Pérez-Través L, Lopes CA, Barrio E, Querol A
Int J Food Microbiol. 2012 May 15;156(2):102–11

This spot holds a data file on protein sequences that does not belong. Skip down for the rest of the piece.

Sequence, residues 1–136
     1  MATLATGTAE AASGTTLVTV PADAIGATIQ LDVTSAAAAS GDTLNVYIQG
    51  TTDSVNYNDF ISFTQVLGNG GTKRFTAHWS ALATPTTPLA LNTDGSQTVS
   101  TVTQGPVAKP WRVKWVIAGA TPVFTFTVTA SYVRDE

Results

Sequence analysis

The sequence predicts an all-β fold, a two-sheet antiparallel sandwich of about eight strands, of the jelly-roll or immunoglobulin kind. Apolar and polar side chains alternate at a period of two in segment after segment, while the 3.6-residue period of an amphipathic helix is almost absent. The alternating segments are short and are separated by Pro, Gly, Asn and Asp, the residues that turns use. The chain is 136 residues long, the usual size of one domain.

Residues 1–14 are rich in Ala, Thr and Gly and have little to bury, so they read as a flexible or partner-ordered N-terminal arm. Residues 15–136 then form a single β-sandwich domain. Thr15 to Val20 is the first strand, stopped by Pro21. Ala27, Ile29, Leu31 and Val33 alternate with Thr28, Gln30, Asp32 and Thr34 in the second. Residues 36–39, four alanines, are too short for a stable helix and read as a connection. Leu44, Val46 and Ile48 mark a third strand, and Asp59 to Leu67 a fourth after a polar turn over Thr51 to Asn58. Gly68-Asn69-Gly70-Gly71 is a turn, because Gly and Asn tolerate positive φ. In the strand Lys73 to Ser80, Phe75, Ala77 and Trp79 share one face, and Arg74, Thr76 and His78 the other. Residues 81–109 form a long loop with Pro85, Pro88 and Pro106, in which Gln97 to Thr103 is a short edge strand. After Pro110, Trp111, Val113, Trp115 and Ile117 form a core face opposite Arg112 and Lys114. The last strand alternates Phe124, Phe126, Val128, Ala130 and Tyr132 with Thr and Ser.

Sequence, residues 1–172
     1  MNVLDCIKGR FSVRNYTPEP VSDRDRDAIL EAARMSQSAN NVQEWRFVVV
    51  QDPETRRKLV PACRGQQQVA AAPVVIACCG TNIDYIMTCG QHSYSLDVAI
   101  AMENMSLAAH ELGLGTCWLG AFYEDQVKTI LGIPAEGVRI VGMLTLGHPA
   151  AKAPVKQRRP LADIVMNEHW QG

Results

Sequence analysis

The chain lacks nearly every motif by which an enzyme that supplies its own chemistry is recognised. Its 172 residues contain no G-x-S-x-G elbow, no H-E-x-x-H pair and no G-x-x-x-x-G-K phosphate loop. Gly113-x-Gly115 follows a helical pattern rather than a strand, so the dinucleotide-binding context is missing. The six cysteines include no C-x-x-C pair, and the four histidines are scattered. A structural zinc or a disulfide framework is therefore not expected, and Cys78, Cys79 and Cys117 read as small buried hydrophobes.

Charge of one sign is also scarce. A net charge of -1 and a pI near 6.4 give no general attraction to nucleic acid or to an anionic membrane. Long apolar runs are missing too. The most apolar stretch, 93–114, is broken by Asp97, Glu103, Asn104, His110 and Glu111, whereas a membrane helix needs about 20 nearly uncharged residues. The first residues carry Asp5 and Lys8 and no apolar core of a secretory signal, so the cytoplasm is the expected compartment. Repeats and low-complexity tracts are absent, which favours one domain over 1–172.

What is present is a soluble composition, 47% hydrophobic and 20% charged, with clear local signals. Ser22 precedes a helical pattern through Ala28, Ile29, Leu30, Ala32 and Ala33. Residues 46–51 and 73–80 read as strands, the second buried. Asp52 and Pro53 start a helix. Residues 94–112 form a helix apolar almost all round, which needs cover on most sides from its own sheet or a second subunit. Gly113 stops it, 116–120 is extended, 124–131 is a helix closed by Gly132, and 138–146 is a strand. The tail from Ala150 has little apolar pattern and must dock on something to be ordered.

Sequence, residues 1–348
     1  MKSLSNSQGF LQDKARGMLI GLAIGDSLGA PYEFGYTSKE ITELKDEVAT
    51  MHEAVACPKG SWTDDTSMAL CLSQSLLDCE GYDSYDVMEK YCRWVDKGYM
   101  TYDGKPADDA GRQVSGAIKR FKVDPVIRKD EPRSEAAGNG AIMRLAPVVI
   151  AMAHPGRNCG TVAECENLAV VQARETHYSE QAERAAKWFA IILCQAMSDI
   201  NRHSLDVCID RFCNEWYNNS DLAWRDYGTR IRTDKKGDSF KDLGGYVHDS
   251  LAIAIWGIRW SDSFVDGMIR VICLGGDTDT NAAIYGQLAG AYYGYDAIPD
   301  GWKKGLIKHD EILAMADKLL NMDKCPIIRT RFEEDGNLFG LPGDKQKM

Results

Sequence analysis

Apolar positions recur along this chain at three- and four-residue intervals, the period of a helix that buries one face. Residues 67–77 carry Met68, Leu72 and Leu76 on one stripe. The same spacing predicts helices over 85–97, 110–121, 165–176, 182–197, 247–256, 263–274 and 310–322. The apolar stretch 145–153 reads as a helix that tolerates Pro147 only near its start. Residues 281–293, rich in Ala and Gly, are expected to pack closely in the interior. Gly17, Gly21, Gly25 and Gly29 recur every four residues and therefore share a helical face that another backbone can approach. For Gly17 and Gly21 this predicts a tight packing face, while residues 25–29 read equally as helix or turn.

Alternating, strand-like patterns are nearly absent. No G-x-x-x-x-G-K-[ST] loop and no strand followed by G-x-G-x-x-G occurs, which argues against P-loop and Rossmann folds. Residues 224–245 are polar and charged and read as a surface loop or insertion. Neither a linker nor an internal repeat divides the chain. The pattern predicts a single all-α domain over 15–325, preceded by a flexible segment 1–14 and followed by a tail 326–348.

Several methods based on recombinant DNA techniques have been proposed for yeast strain improvement; however, the most relevant oenological traits depend on a multitude of loci, making these techniques difficult to apply. In this way, hybridization techniques involving two complete genomes became interesting. Natural hybrid strains between different Saccharomyces species have been detected in diverse fermented beverages including wine, cider and beer. These hybrids seem to be better adapted to fluctuating situations typically observed in fermentations due to the acquisition of particular physiological properties of both parental strains. In this work we evaluated the usefulness of three different hybridization methods: spore to spore mating, rare-mating and protoplast fusion for the generation of intra- and inter-specific stable hybrids, being the first report about the comparison of different methods to obtain artificial hybrids to be used in fermentations. Spore to spore mating is an easy but time-consuming method; hybrids generated with this technique could lack some of the industrially relevant traits present in the parental strains because of the segregation occurred during meiosis and spore generation prior to hybridization. Hybrids obtained by protoplast fusion get the complete information of both parents but they are currently considered as genetically modified organisms (GMOs). Finally, hybrids obtained by rare-mating are easily obtained by the optimized methodology described in this work, they originally contain a complete set of chromosomes of both parents and they are not considered as GMOs. Hybrids obtained by means of the three methodological approaches showed a high genetic variability; however, a loss ofgenetic material was detected in most of them. Based on these results, it became evident that a last crucial aspect to be considered in every hybridization program is the genetic stabilization of recently generated hybrids that guarantee its invariability during future industrial utilization. In this work, a wine yeast genetic stabilization process was developed and vegetatively stable hybrids were obtained.